RALEIGH, N.C. (WTVD) -- As Cheryl Croom Williams strolls through Oberlin Cemetery's three-acre plot of land, it's clear this caretaker's passion runs deep and her knowledge is vast.
"I just feel the sacredness of this place whenever I come here," she said.
She showed ABC11 how people were making do with what they had when there was no money to spend. "These field stones, they would have been older," Williams explained.
She points out some of the artifacts found over the years. "Turns out the seashells are symbolic of crossing over the ocean," she said.
She walked over to the oldest grave. Under a magnolia tree, there is a simple black bag protecting a weathered wooden tombstone.
"The fact that is has survived is a miracle," said Williams.
Oberlin Cemetery was established in 1873 and it was one of the first few places where African-Americans could be laid to rest. The land was set aside by a freed farmer.
Artisans and bricklayers from the 1800's, a black Confederate soldier, doctors, teachers, attorneys, and Plumber Hall, who founded Oberlin Baptist Church which is still in existence, were all laid to rest there.
"The people that are buried here have contributed so much to the history of Raleigh," said Williams.
But that history took years to unearth.
Williams and others with the nonprofit, the Friends of Oberlin, have been working for close to a decade to preserve and restore the neglected, hidden slice of Raleigh's black history.
The cemetery is tucked away. It has no street frontage. The property is sandwiched behind businesses between Oberlin Road and Wade Avenue. You have to drive to the back of the parking lot for Interact of Wake County to access the cemetery.
When volunteers started their work, the lot was thick with brush.
Williams made a commitment to honor those interred.
"If we don't talk about it and bring it out, it will be forgotten. It'll be forgotten and that would be a shame," she said.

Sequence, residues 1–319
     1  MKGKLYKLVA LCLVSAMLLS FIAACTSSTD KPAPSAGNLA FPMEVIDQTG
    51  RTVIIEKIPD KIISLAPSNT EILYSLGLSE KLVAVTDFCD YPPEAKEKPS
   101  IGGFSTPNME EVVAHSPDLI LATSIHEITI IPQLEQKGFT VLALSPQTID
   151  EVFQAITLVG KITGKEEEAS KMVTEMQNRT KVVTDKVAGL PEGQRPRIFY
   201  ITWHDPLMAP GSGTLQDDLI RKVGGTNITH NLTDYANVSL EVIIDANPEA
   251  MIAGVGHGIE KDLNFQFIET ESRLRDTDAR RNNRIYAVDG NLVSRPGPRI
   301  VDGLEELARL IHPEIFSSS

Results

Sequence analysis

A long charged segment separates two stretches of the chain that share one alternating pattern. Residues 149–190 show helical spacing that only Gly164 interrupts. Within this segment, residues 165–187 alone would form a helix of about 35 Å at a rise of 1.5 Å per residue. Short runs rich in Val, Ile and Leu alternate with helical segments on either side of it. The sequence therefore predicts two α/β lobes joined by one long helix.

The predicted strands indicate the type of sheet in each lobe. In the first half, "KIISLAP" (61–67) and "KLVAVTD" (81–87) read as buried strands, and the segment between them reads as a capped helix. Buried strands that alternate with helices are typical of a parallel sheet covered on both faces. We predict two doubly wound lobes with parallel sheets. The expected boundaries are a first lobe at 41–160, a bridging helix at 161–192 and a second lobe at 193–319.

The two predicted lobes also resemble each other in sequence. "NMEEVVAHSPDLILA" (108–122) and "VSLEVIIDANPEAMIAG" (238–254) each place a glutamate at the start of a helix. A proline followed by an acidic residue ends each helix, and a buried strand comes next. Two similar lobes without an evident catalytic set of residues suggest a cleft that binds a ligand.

For the longest time, volunteers weren't even sure how many people were buried here. A scientist came in to do the work. He ended up using infrared and sonar technology to discover that hundreds were laid to rest at the site.
"We now have 645 stories that we're working on and we encourage the young people especially to come and learn," said Williams. "So many people that don't even know what sacrifices their family made."
Volunteers want to create pathways and install benches so people can visit their ancestor and properly pay their respects.
The nonprofit is now is offering walking tours. Schools and universities are taking advantage of the archeological opportunity.
The cemetery has been on the Raleigh Registry and soon, it's going to receive the nation's highest historical designation.
The Department of Interior is placing Oberlin on the National Register.
Williams hopes this serves as an inspiration to other communities to unsurface their own history.
"If we can do, we can also show people that you can do it too in your community. It's just a matter of having the conversations, starting the difficult ones and the ones that are so beautiful where you have people who were pioneers in different areas and paved the way," said Williams
Friends of Oberlin hosts several clean-ups throughout the year to help preserve the property. Usually, new artifacts are uncovered.
The next clean-up is April 13 from 9:00 a.m.-12:00 p.m. rain or shine.
Years of hard work help Oberlin Cemetery gain historical designation
BLACK HISTORY MONTH
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